Overcoming fusion oncoprotein dependence through CIC-DUX4 target gene inhibition in undifferentiated sarcoma

Ross Okimoto, MD,  University of California, San Francisco
Recipient of the: $50,000 Sarcoma Foundation of America Research Award

The CIC-DUX4 fusion oncoprotein is an understudied molecular entity that characterizes a rare but lethal subset of undifferentiated round cell sarcomas. CIC-DUX4 patients have dismal clinical outcomes due to 1) an incomplete understanding of how the CIC-DUX4 fusion oncoprotein drives tumor progression and survival; 2) no CIC-DUX4 focused clinical trial options; and 3) the un-informed therapeutic approaches that leverage “salvage” chemotherapy options from other round cell sarcomas to treat CIC-DUX4 sarcoma. To overcome these challenges, we have recently integrated “Omics” (RNA-seq and ChIP-seq) profiing with a deep mechanistic dissection of the CIC-DUX4 fusion oncoprotein and identified key target genes that drive tumor progression and survival. One critical CIC-DUX4 transcriptional target is the CCNE-CDK2 complex, which promotes CIC-DUX4 sarcoma growth and survival. Our proposed work will leverage these mechanistic insights to develop a more rational therapeutic strategy using clinically advanced CDK2 inhibitors to specifically target the CCNE-CDK2 complex in multiple patient-derived CIC-DUX4 sarcoma models.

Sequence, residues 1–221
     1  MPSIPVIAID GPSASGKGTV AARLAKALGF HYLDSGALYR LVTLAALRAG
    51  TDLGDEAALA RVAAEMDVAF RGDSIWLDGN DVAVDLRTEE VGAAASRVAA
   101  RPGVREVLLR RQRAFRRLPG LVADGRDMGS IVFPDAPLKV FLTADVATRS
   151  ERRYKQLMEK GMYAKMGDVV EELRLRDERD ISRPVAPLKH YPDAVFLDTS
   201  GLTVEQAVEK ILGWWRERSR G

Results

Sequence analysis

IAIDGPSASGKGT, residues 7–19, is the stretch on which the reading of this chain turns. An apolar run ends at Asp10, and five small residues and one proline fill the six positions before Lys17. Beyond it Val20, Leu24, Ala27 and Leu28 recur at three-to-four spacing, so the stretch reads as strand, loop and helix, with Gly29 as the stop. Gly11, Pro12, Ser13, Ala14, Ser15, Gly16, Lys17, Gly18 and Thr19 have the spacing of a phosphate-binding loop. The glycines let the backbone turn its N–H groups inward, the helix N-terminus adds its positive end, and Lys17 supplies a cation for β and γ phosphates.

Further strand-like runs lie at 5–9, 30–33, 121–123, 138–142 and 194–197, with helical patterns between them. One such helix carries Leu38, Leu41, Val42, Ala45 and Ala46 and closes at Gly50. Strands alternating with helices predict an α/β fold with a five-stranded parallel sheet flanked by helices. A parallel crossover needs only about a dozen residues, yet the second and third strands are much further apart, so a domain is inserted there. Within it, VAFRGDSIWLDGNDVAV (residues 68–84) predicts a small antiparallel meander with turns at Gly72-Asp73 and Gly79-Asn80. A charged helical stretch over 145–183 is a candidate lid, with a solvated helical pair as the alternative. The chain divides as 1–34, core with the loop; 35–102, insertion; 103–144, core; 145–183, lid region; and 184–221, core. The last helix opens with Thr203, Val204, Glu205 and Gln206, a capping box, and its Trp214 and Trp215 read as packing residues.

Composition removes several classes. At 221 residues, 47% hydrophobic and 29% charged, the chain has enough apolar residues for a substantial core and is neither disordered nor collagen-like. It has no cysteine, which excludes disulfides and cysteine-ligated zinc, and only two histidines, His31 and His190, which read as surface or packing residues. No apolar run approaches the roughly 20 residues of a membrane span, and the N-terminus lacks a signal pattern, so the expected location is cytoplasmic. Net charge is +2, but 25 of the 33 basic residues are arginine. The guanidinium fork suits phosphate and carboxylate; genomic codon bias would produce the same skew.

Objective/Hypothesis: We hypothesize that the CCNE-CDK2 complex is a therapeutic vulnerability in CIC-DUX4 sarcomas that can be rationally targeted with clinically advanced CDK2 inhibitor therapies as an innovative, mechanism-based approach to improve outcomes for CIC-DUX4 patients.

Specific Aims: 

Aim 1: Targeting the CCNE-CDK2 complex to block CIC-DUX4 regulated sarcomagenesis in rare patient-derived models.

Aim 2: To globally define the physical and functional CIC-DUX4 DNA-binding landscape in undifferentiated sarcoma. 

Study Design/Methods: In aim 1, we will leverage our rare, clinically annotated CIC-DUX4 patient-derived models to test the preclinical efficacy of pharmacologic CDK2 inhibition. We will treat the world’s largest CIC-DUX4 patient-derived biobank (PDXs and PDCLs) with clinically advanced CDK2 inhibitors, Dinaciclib and Fadraciclib (CYC065) as a prelude to a clinical trial. We will develop CDK2 inhibitor drug resistant CIC-DUX4 models in parallel to further understand the mechanisms that drive CDK2 inhibitor resistance. In aim 2, we will define the CIC-DUX4 cistrome through comprehensive ChIP-Seq analysis of CIC-DUX4 DNA-binding and histone modifications to uncover new therapeutic vulnerabilities.

Innovation: This proposal is innovative because the current clinical management of CIC-DUX4 sarcoma borrows “salvage” chemotherapy from other morphologically similar sarcomas. This approach is ineffective and leads to dismal outcomes for CIC-DUX4 patients. We will leverage mechanistically-informed studies to more rationally target CIC-DUX4 sarcomas through pharmacologic interception of the CCNE-CDK2 complex, offering a paradigm shifting precision-based strategy to treat CIC-DUX4 patients.

Impact: There is no standard therapy for CIC-DUX4 sarcoma, which remains universally lethal in the metastatic setting